** (in Toni Erdman guise) and **

Peter Simonischek (in Toni Erdman guise) and Sandra Huller

“TONI ERDMANN”  My rating: B

162 minutes | MPAA rating: R

The key to comedy is snappy timing.

But Maren Ade, the writer and director of the Oscar-nominated (for foreign language film) “Toni Erdmann,” has given us a languid comedy with a running time of nearly 3 hours.

This is either genius or suicidal.

Turns out it’s a little of both.

The title character doesn’t even exist. He’s the goofy alter ego of Winifried (Peter Simonischek), a white-haired, bearded German piano teacher with a bizarre sense of humor  displayed in the first scene, when he meets a deliveryman at his door.

Winifried notes that the package is addressed to Toni Erdmann, whom he tells the delivery guy is his brother, a mad bomber just out of prison.  He wonders aloud  if the package contains explosives or porn, then vanishes to consult with his brother Toni. Yelling is heard from deep in the house.

Seconds later he’s back, this time in his Toni persona, a key element of which is a ragged set of humongous false teeth.

There’s a method to Winifried’s deadpan tomfoolery, a therapeutic way of mocking an increasingly joyless modern world.

For evidence of that joylessness he need look no farther than his own daughter, Ines (Sandra Hüller), a thirtysomething petroleum industry consultant now living in Romania.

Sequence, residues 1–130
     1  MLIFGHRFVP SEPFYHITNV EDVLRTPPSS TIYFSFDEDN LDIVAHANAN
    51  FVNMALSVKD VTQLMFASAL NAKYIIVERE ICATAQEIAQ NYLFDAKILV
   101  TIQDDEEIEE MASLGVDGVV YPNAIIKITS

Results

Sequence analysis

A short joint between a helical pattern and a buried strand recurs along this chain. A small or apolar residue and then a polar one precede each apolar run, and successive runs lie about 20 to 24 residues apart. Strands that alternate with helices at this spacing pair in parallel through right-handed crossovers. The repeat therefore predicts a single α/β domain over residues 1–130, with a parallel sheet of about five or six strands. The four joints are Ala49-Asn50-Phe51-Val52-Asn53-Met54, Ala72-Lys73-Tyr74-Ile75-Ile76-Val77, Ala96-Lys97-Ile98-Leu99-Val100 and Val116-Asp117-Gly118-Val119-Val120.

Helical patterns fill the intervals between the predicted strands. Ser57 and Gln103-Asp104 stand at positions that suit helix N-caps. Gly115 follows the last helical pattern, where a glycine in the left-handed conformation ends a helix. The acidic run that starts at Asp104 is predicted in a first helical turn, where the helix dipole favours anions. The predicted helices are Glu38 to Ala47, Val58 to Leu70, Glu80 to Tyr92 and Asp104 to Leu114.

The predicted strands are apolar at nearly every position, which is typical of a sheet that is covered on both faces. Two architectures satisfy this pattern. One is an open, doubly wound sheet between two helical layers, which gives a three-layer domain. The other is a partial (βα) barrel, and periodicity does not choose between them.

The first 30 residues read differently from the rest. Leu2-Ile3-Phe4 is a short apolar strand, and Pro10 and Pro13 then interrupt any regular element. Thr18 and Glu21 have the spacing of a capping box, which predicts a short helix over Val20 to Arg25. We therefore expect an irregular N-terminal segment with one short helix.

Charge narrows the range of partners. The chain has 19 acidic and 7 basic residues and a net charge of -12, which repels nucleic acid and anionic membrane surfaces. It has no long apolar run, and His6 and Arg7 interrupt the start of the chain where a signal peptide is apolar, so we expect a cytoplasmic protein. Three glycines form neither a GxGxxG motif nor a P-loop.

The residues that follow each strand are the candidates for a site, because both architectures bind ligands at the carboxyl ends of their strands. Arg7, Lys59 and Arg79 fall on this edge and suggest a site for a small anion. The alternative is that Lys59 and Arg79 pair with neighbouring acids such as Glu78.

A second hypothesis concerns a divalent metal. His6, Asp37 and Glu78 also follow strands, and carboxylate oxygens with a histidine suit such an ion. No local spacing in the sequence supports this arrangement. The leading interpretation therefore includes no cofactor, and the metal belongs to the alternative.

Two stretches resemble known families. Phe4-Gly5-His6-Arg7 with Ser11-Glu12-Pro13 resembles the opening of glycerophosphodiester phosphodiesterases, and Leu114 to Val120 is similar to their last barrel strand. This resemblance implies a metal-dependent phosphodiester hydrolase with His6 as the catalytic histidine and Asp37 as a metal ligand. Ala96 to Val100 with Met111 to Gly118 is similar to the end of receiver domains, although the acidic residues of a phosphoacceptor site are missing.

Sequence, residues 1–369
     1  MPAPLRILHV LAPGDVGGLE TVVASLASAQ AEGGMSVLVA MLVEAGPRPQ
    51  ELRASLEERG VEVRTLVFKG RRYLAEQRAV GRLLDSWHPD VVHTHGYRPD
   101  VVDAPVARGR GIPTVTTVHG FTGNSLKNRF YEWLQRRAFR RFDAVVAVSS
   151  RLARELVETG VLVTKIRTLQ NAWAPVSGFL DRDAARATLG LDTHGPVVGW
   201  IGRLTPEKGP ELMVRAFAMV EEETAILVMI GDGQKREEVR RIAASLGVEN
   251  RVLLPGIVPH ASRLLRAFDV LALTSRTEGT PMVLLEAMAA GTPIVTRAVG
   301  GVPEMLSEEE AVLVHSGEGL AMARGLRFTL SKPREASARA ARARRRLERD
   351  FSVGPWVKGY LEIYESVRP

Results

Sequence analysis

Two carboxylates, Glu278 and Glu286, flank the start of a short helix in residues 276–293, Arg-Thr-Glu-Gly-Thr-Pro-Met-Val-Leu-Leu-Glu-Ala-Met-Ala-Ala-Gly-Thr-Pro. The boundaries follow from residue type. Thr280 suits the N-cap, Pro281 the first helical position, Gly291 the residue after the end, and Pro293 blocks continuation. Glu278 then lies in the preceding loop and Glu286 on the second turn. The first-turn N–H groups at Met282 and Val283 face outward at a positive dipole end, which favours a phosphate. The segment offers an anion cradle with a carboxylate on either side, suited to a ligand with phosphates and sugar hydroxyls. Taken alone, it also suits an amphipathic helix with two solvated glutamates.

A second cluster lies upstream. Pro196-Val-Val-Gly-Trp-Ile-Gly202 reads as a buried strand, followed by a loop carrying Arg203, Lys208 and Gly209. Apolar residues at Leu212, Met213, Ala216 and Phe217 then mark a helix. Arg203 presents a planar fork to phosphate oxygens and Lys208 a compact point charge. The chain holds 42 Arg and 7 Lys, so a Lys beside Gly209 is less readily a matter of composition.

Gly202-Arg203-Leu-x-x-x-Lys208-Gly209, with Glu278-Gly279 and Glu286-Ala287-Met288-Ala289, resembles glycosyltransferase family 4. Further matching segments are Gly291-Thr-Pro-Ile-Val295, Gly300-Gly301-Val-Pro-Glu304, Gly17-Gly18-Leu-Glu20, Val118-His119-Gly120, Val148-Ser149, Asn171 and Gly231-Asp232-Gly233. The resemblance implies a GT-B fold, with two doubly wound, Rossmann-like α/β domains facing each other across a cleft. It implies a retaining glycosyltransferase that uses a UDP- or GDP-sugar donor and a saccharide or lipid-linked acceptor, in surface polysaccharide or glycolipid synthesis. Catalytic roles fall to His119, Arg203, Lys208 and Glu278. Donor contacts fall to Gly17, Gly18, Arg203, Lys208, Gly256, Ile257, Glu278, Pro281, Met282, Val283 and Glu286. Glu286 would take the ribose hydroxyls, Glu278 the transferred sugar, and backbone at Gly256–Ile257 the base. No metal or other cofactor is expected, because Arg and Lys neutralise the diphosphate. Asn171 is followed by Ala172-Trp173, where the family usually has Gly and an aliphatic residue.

Ines is a committed career woman and desperately unhappy, although she won’t admit it. She sweats bullets over the demands of her job, daily negotiating the shark tank of corporate politics. She wants to be a major player, yet finds herself organizing shopping excursions for a client’s wife.

Her best friend is her smart phone. She’s engaged in a perfunctory affair with a co-worker. She can’t even relax with a massage, because it’s not brutal enough: “I’m not paying 100 Euros to be petted,” she fumes.

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Michael Fassbender, Brendan Gleeson

Michael Fassbender, Brendan Gleeson


99 minutes | MPAA rating: R

As much a sociological study as a conventional melodrama, “Trespass Against Us” unfolds among a band of “travelers.” That’s how the Brits refer to the nomadic gypsies who have lived for centuries on the fringes of society.

Our unconventional hero is  Chad Cutler (Michael Fassbender), a fearless master thief and taunter of police who, with the approach of middle age, is feeling the uncomfortable pull of responsibility.

Though Chad,  his wife Kelly (Lindsey Marshal) and their children Tyson (Georgie Smith) and Mini (Kacie Anderson) live a traditional gypsy life in a caravan (i.e., a trailer or mobile home), he’s beginning to want more  than a nonstop diet of carousing and crime interrupted by the periodic spells in stir.

The problem is Chad’s father Colby (Brendan Gleeson), the head of this particular band, who has no use for such posh niceties as literacy, conventional careers or societal approval.  Colby is more than just patriarchal — he’s practically Old Testament.

So even as Chad is laying secret plans to break away from the clan and set up a new life in an actual house, he still finds himself a reluctant participant in Colby’s criminal enterprises, including the burgling of a rural estate that nets a fortune in antiquities.

Despite some action sequences, “Trespass Against Us” is essentially a character study of two headstrong men positioning themselves for a colossal confrontation. And Fassbender and Gleeson, two of best actors in U.K. cinema, are clearly up to the challenge.